Academics are constantly faced with the overwhelming pressure to enter the commonly tread cycle of publish, get grant, publish, get grant… This publish-or-perish mentality perpetuates the idea that to continue doing research, you need to keep publishing, preferably in high-impact journals.

While there is an element of truth to that, as the entirety of academia relies on the process of peer review, there is also an aspect of this mentality that cultivates negativity and can be counterproductive. Publishing is not the only destination for your research – let’s talk about this.

Rejection is not the end

A large contributor to the massive stress and anxiety that researchers experience in the publication process is rejection. Fortunately, rejection is not the end of your article’s journey, and in fact, is quite simply part of the process. Journal rejection is not necessarily a comment on the standard or quality of your research, but more often than not is simply a case of your work not being a good fit for that particular journal, or perhaps not being quite developed enough yet.

Take rejections as a learning exercise and use them to get to better know journals you might submit to, so that your next submission is more successful. [Learn more here about how journal rejection can be beneficial: How to handle (and even benefit from) article rejection]

There are routes to impact beyond the impact factor

Publication is of course a necessary component of academic research, as it is the most accepted means of presenting your work. However, impact factor is by no means equivalent to the impact of your research, even though the terms are often conflated.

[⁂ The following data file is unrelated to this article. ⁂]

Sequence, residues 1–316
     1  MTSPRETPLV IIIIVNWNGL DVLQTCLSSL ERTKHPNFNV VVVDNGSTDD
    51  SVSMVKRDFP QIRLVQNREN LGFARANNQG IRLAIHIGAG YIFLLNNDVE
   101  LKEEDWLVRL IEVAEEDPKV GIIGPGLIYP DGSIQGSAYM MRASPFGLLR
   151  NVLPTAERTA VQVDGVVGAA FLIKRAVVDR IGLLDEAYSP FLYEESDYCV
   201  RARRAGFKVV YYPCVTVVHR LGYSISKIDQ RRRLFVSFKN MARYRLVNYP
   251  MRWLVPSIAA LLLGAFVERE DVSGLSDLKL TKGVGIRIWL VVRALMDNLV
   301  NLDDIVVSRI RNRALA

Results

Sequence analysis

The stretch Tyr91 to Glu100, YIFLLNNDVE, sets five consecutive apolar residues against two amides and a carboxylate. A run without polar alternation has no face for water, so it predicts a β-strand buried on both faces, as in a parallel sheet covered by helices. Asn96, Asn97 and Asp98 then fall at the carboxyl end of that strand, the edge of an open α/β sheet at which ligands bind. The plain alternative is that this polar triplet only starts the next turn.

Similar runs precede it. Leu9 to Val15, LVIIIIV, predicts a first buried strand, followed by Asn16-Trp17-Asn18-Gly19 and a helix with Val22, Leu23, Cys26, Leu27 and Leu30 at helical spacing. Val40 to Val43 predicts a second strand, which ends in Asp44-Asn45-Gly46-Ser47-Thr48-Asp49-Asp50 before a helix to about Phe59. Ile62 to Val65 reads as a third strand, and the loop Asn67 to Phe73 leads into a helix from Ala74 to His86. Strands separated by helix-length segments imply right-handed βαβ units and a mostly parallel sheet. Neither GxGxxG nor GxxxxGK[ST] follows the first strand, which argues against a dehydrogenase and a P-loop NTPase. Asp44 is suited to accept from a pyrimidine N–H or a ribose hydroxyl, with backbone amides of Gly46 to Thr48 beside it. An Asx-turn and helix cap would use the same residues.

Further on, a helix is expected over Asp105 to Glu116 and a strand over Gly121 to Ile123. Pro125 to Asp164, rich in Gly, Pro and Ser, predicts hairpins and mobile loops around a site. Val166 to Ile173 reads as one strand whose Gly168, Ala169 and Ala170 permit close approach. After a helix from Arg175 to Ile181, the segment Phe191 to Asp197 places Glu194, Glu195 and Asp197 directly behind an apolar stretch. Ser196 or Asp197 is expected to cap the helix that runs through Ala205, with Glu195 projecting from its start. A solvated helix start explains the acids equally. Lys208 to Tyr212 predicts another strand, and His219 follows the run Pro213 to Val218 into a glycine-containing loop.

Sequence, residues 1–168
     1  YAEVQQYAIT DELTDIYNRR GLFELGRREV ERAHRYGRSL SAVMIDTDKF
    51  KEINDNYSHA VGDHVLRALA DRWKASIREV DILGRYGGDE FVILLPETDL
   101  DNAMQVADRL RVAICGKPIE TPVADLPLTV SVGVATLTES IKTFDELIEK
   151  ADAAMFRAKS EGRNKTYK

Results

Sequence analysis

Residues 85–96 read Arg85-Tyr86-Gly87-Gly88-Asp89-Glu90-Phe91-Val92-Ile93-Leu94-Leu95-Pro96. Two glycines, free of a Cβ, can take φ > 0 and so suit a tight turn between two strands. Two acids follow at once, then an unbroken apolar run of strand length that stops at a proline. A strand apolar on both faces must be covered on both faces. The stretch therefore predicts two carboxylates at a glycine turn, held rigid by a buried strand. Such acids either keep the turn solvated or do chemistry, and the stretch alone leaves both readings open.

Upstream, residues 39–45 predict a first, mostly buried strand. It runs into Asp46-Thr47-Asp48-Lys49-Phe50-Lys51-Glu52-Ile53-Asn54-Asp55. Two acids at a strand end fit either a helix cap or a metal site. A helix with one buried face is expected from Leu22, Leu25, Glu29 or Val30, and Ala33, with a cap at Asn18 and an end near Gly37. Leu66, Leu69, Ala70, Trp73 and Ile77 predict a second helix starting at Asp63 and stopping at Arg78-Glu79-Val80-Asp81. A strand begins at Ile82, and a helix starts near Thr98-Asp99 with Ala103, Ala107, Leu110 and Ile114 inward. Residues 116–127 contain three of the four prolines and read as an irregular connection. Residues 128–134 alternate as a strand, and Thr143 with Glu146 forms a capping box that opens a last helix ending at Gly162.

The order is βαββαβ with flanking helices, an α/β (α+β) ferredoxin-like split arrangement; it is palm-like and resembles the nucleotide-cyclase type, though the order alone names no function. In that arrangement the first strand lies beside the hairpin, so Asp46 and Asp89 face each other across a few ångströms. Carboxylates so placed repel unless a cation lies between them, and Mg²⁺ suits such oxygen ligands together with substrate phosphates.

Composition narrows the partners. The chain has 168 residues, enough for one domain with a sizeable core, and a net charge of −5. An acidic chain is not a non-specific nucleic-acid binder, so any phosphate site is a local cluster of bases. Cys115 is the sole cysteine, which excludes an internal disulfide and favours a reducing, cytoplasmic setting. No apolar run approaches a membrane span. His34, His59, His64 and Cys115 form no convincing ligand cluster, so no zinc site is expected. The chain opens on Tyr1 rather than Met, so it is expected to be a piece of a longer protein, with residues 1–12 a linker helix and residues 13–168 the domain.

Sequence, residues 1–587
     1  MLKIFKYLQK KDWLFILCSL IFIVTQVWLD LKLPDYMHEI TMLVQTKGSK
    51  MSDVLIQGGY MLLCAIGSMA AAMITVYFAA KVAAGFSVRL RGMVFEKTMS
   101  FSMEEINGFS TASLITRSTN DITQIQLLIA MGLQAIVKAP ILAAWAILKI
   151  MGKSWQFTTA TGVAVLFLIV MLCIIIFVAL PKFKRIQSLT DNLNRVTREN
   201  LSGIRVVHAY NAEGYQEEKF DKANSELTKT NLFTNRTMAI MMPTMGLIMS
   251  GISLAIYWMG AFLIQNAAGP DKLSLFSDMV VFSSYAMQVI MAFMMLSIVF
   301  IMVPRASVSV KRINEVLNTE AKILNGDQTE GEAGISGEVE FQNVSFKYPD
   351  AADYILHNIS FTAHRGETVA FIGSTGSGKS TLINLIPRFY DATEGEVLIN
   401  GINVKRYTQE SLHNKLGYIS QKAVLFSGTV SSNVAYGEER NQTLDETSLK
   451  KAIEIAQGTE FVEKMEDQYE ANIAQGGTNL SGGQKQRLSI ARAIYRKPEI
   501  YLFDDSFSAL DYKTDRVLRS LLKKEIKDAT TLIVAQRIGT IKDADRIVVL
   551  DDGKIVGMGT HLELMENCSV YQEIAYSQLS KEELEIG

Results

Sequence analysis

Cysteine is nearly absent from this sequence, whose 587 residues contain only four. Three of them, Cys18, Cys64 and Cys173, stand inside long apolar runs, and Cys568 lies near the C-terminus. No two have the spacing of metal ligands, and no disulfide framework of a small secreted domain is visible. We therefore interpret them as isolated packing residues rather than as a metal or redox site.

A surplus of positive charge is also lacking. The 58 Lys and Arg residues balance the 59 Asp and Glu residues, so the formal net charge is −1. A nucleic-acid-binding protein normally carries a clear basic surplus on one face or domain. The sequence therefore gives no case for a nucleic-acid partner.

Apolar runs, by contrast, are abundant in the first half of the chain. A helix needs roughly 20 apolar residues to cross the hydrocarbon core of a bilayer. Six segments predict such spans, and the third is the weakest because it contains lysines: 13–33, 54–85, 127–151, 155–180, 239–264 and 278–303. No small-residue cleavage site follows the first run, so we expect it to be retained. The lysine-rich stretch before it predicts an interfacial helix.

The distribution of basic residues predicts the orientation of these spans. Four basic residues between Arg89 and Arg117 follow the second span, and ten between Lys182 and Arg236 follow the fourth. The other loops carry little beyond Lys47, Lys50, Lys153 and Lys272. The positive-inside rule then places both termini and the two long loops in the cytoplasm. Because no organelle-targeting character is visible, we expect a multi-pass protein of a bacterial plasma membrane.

Impact factors are a metric by which the overall impact of a journal is measured, as determined by a calculation considering the number of articles published and the number of times these are cited. [Learn more here about the impact factor: Understanding the SCI and the Impact Factor]

The impact of your work is an immeasurable concept, due to the myriad ways your work is and can be impactful. Public lectures, magazine articles, podcasts, blog posts, outreach activities… the list goes on. Every single activity you undertake to communicate your research is impactful and adds to your work’s impact. Think about that the next time you are unable to publish your work in a specific academic journal.

Know that trends are changing

The system is set up for researchers to require publication for further funding and consideration for new positions. However, the trend is changing, as there is a more widespread appreciation of other routes to assess the impact of your research.

Focus on the joy of research

Don’t forget that conducting the actual research is also an exercise in personal development. This means that other takeaways, i.e. other than publication, also merit consideration as a meaningful output of your work. As a researcher, you are constantly adding to your arsenal of specific and transferable skills, and the process of learning is never-ending. This is one of the major draws of being a researcher. So, try to enjoy this aspect as much as the outcomes and successes.

Of course, publishing is part of the job, but perhaps you can think of publishing as simply ‘part of the job’, rather than the central, most important component of it. This way, you can enjoy the work as you go, likely making you a better researcher as you do.


Don’t completely disregard publications, but try to slightly deprioritise them in your mind as being the be-all-and-end-all criterion for your career and progression. Your work is still contributing to the overall body of knowledge in your field. So, don’t be too disheartened if you occasionally hit a dry spell or a bump in the road.

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